Puma surprises with its new biodegradable proposal
Puma turns a biodegradable shoe into compost. The company invited people in Germany to test the biodegradability of its experimental sneaker called Re:Suede.
A familiar model of its classic suede sneaker has found a new use. Through a compound “under certain custom-made industrial conditions.”
It all started in 2021, when Puma created 500 pairs of experimental Re:Suede sneakers, the tanned suede style called Zeology, and complemented it with TPE soles and hemp fibers.
As part of this experiment to test this new prototype, volunteers were asked to wear the shoes for half a year, testing both their durability and comfort, and then they were sent to a specially equipped industrial composting area operated by their de the Netherlands, Ortessa Group.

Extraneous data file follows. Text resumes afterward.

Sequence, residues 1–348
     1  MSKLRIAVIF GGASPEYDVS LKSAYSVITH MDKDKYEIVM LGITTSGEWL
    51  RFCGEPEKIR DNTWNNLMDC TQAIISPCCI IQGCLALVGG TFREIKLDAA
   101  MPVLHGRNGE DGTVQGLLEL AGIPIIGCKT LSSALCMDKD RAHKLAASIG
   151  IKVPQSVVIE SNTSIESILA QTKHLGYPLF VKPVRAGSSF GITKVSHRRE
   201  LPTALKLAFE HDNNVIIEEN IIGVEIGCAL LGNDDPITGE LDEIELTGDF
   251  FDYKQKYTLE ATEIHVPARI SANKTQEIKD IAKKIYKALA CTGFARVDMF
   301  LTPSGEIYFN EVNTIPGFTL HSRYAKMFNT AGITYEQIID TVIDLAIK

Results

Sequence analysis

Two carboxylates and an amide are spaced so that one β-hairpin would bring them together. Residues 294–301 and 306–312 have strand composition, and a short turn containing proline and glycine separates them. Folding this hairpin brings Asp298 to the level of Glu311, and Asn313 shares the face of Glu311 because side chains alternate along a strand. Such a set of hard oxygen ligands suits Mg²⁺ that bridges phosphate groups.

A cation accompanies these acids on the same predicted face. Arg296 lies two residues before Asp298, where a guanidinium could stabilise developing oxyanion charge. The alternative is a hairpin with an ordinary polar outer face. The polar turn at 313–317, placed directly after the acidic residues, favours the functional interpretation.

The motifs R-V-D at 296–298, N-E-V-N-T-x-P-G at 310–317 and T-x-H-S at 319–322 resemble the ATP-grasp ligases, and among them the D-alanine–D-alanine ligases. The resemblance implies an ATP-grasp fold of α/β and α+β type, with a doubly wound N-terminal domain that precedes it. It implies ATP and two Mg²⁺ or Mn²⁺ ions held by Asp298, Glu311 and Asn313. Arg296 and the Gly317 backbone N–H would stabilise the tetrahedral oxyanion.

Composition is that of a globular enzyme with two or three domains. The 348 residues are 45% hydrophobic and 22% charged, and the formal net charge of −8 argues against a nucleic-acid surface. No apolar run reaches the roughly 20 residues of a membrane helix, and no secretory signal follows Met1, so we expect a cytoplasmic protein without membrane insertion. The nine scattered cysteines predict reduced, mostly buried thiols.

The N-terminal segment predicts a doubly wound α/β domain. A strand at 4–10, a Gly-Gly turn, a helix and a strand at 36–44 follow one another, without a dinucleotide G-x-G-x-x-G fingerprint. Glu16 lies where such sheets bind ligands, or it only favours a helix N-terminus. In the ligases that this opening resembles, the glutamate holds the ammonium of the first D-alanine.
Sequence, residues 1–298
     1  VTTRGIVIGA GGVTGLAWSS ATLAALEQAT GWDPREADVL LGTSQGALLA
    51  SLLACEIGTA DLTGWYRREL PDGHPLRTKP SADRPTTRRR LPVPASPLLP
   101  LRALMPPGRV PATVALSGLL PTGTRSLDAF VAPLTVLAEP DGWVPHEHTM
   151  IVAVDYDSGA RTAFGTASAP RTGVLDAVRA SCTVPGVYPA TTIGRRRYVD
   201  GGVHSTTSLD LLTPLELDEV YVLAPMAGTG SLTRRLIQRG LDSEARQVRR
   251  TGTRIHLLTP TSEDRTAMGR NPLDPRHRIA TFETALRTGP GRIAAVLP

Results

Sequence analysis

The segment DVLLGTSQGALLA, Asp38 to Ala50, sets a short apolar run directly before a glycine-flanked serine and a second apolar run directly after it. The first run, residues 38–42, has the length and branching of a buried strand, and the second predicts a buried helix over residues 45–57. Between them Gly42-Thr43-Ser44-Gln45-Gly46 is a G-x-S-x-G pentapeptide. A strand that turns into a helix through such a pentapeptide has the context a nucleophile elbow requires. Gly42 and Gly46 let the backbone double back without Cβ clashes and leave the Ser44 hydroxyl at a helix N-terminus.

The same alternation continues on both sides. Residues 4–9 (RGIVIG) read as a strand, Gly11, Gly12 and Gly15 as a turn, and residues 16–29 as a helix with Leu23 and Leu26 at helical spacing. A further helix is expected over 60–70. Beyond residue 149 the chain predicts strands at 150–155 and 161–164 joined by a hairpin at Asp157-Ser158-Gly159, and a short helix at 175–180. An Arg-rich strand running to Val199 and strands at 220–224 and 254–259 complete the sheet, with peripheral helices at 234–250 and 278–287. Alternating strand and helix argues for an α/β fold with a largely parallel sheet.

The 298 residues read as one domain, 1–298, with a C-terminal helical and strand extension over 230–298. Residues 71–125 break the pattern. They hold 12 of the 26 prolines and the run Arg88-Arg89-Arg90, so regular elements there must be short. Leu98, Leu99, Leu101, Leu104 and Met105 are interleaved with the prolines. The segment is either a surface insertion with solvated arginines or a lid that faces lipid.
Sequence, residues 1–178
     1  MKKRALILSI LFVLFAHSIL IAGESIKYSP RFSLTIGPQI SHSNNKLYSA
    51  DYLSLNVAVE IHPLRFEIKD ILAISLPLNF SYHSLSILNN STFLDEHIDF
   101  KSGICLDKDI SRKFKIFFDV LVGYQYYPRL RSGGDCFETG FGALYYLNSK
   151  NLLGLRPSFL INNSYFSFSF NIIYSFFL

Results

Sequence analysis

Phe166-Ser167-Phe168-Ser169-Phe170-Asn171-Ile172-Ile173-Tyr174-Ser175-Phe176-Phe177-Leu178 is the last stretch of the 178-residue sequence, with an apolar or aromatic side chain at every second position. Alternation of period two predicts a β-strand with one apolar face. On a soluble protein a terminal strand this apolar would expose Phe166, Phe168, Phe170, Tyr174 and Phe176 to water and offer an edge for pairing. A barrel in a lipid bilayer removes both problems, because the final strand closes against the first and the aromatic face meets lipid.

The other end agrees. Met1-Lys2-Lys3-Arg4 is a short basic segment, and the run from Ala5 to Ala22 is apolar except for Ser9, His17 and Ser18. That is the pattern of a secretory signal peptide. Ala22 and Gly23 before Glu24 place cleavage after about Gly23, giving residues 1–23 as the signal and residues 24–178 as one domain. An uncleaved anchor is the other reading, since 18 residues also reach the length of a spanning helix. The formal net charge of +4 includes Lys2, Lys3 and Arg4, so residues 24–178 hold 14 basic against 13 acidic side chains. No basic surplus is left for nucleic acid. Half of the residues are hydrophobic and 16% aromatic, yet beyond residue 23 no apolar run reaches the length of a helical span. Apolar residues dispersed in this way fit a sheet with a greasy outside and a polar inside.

Puma maintained a strict protocol at all times. He shredded the sneakers, mixed them with other green household waste and placed them in a composting tunnel. They were then “sprayed with leach water” from the previous composting containing nutrients and naturally heated due to biological activity and controlled air circulation in the tunnel. After approximately three and a half months, the materials were smaller than 10 millimeters, small enough for a Grade A compost for agricultural use (according to Dutch standards).
The remaining materials were returned to the composting tunnel until they reached the desired level.
“We will continue to innovate with our partners to determine the infrastructure and technologies necessary to make the process viable for a commercial version of Re:Suede, including a recovery plan, in 2024.” declared Puma sourcing director Anne-Laure Descours.
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